On December 1, we announced that we are offering a $1000 reward for information identifying those responsible for the plume of pollution in the Potomac River that forced area water utilities to take measures to protect the drinking water of millions of area residents this week. Today, the reward was raised to $1500.
We’re treating this as an environmental crime. We want to send the message that it’s illegal and completely unacceptable for anyone to dump any amount of oil into the river and threaten the drinking water supply for millions of people. We’re concerned that investigators have been unable to find the source of the oily substance — and, in turn, determine exactly what it is — for five days.
An oily substance floating on the surface of the river was identified last Sunday about 45 miles upstream of the District, near Point of Rocks, Maryland. River models predict that it could arrive in the District as soon as today or tomorrow. Local utilities have set booms, closed intakes and/or increased the frequency of monitoring to avoid introducing the unidentified pollution into municipal water supplies.
No matter how small, dumping chemicals or oil in to the river is illegal. It requires an extraordinary amount of resources from public agencies and utilities to respond to protect our drinking water source.
Our rivers are vital to our health and our economy. When individuals or corporations use these public resources as their private dump, it impacts us all. That’s why we’re offering a reward to encourage anyone who saw something, to say something.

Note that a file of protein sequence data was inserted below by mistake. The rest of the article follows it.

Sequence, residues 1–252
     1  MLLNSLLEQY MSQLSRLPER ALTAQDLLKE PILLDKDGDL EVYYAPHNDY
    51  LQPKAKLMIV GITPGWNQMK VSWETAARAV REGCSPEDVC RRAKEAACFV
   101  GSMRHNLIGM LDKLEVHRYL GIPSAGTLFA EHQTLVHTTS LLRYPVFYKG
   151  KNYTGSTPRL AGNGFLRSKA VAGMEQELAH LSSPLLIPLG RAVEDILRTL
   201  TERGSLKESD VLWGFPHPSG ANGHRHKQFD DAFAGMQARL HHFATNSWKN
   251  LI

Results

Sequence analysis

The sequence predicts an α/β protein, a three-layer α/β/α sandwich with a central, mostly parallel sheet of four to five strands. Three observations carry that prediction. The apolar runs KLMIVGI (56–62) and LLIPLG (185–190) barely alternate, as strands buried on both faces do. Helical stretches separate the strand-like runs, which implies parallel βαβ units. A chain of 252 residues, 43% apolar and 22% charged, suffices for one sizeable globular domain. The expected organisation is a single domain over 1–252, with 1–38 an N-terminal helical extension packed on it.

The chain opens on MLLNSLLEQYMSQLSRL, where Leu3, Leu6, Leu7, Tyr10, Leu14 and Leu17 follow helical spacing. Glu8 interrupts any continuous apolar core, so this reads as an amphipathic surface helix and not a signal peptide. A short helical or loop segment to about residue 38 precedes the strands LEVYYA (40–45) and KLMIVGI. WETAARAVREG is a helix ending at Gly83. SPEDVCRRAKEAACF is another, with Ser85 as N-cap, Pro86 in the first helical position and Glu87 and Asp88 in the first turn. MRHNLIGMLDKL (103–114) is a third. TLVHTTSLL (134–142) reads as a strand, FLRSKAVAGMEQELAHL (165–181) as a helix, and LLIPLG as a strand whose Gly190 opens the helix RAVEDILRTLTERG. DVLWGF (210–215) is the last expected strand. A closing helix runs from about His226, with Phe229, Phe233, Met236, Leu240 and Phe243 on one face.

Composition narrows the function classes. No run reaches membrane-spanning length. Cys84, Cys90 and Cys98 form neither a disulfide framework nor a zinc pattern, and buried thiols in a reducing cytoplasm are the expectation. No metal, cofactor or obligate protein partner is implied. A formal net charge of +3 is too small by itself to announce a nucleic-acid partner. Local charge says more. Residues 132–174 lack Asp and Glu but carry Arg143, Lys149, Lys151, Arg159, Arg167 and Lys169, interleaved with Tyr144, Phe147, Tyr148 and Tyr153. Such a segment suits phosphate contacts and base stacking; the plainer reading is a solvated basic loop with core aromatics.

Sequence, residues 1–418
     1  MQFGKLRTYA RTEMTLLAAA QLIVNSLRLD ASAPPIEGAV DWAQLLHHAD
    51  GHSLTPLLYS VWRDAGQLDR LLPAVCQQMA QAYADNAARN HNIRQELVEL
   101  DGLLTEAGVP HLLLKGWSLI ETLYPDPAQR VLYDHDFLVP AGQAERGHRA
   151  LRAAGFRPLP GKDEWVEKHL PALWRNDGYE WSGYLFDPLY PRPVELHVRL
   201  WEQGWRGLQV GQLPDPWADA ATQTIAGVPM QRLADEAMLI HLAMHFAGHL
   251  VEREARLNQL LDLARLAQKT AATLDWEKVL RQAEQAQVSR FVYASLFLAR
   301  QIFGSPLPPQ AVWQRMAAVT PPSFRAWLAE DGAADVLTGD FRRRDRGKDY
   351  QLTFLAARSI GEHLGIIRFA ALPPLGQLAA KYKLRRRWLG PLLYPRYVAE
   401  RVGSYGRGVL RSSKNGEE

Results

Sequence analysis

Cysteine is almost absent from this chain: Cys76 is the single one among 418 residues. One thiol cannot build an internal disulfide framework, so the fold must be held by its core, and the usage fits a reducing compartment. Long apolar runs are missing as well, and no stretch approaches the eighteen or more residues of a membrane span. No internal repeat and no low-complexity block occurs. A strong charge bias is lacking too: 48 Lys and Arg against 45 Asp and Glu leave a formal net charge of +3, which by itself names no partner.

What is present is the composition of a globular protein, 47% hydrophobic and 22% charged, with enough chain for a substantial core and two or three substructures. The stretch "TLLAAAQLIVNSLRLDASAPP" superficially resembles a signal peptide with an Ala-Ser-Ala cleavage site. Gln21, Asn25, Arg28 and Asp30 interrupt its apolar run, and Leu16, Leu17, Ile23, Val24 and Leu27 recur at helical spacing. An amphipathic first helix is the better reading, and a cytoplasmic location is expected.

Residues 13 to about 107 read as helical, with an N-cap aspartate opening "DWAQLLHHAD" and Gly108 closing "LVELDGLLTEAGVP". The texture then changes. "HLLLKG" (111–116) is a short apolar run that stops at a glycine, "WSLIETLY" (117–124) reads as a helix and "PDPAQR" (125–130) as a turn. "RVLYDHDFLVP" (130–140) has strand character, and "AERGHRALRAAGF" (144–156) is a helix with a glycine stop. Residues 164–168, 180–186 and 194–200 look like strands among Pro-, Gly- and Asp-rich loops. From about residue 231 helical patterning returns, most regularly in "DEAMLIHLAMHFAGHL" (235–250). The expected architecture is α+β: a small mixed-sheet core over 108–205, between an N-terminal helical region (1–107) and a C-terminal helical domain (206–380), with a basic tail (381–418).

The sheer size of our watershed demands that citizens play a role in its protection. Our organization was founded on the idea that those closest to our rivers — through their work or their recreation — are best able to identify and prevent pollution. The more people realize how valuable our rivers are and play a role in protecting them, the more likely we are to prevent situations like this.
The EPA is the lead federal agency coordinating the response and spearheading the investigation to identify the source of the pollution. Potomac Riverkeeper Network will pass along information it receives to EPA to aid in their investigation.
Tips about potential sources of this pollution can be reported to us at http://www.potomacriverkeepernetwork.org/report-pollution-how-to/
Mysterious oily sheen on the Potomac is en route to D.C., Washington Post, November 29, 2016
What caused that mysterious sheen in the Potomac? An environmental group will give you $1,000 if you know, Washington Post, December 1, 2016